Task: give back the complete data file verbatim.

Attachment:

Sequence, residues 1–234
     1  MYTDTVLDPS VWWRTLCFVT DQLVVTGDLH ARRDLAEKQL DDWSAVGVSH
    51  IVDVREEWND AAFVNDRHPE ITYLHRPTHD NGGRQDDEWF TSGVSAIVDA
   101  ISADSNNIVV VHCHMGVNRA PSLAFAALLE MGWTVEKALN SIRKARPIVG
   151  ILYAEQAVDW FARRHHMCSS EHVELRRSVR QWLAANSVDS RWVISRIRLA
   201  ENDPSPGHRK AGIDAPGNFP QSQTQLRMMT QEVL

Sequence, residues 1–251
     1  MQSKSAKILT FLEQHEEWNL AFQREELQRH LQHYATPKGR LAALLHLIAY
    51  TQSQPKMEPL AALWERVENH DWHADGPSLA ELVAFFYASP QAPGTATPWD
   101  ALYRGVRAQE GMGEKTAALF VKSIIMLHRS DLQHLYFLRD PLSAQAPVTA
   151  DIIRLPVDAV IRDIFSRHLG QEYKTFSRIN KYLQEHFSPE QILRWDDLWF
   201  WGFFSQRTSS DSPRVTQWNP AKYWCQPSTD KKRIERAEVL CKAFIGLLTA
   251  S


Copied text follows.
Sequence, residues 1–234
     1  MYTDTVLDPS VWWRTLCFVT DQLVVTGDLH ARRDLAEKQL DDWSAVGVSH
    51  IVDVREEWND AAFVNDRHPE ITYLHRPTHD NGGRQDDEWF TSGVSAIVDA
   101  ISADSNNIVV VHCHMGVNRA PSLAFAALLE MGWTVEKALN SIRKARPIVG
   151  ILYAEQAVDW FARRHHMCSS EHVELRRSVR QWLAANSVDS RWVISRIRLA
   201  ENDPSPGHRK AGIDAPGNFP QSQTQLRMMT QEVL

Sequence, residues 1–251
     1  MQSKSAKILT FLEQHEEWNL AFQREELQRH LQHYATPKGR LAALLHLIAY
    51  TQSQPKMEPL AALWERVENH DWHADGPSLA ELVAFFYASP QAPGTATPWD
   101  ALYRGVRAQE GMGEKTAALF VKSIIMLHRS DLQHLYFLRD PLSAQAPVTA
   151  DIIRLPVDAV IRDIFSRHLG QEYKTFSRIN KYLQEHFSPE QILRWDDLWF
   201  WGFFSQRTSS DSPRVTQWNP AKYWCQPSTD KKRIERAEVL CKAFIGLLTA
   251  S